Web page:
Issue 51 contributor Linda Morefield blogs about those pesky little twirls.
My daughter’s boyfriend, a policy analyst, asked me to explain commas to him. Someone senior to him at work had been critical of his use of those pesky little twirls, noting that he used them when he shouldn’t and didn’t use them when he should. Strunk and White was my knee-jerk response. But The Guy (as I’ll call him for the sake of his anonymity and keeping good relations with my daughter) wanted more. He had read Elements of Style, but what he read had no impact on his use of the beasts (according to marked up copies of text that his boss kept returning to him).
Because his work is classified and confidential, he couldn’t take me to the scene of the crime to see for myself what was happening. So I reached for the nearest magazine on the coffee table, a New Yorker, and randomly turned to an article by Tad Friend. I read aloud, sentence by sentence, and every time I came to a comma, we stopped to talk about how and why it was used.
What a revelation, much more for me than for him. The Guy got, and understood, the standard spiel about comma use in compound sentences and with dependent and independent clauses. But with Tad Friend’s deep flowing sentences, his rich and intricate thought and analysis, I had to go back to what I learned in sixth grade about the diagramming of sentences so that I could pull out subject and verb to show The Guy why there was or wasn’t a comma in the mix. (Who knew that what I once thought was a game had an actual and important use?)
I was astonished at what I learned from the detailed analysis of a single sentence.
So here is something simple. Please read with the caveat that any sentence that you analyze must be part of its context to make sense, just like words have connotative meaning and rhythm and style only when placed in the context of other words.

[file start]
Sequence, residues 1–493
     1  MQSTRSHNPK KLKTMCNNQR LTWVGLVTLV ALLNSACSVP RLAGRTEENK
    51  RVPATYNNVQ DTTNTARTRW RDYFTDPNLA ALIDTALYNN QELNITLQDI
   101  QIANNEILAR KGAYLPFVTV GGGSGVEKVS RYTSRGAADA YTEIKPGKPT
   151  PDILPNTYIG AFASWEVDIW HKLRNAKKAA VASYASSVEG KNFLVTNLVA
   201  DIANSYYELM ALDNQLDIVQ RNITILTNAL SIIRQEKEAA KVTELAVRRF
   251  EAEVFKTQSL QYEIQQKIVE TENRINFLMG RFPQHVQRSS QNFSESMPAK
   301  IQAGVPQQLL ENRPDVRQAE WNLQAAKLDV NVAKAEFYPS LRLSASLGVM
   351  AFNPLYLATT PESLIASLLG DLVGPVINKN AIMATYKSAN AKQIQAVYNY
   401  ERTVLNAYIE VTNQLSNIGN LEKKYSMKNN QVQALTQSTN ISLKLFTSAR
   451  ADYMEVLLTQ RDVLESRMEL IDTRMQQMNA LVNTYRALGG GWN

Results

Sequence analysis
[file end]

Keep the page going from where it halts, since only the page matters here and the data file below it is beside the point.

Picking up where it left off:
At the end of an informative and funny description about the filming of a scene from a Ben Stiller movie, Friend writes “It’s a shark, naturally, and Walter must pummel it with his bare hands.” That “naturally” establishes the good-natured camaraderie of author and reader. Those commas are a wink and a nod at the shared experience. The reader becomes companion as the author tells his tale. Read that sentence aloud, both ways, with and without the implicitly parenthetical “naturally.” See what you think.
Writers, we read as a way of learning to write, tearing apart admired short stories and novels to see how they work. Why does the author (fill in the blank with your favorite) begin her novel or short story at this particular incident and not another? What hook is used at the beginning? Why this particular point of view? What is gained? What is lost?
But to read at sentence level—not scene, not paragraph, but sentence—here is naked intimacy with the way the author thinks. Up close and personal and totally revealing.
Linda Morefield, writer, editor and teacher, is thrilled that her essay, “Rescue Dog,” was published in the most recent issue of Potomac Review. She has also published short fiction, personal essays, book reviews and interviews. Linda lives in Virginia with her husband and the eponymous rescue dog, Montoya.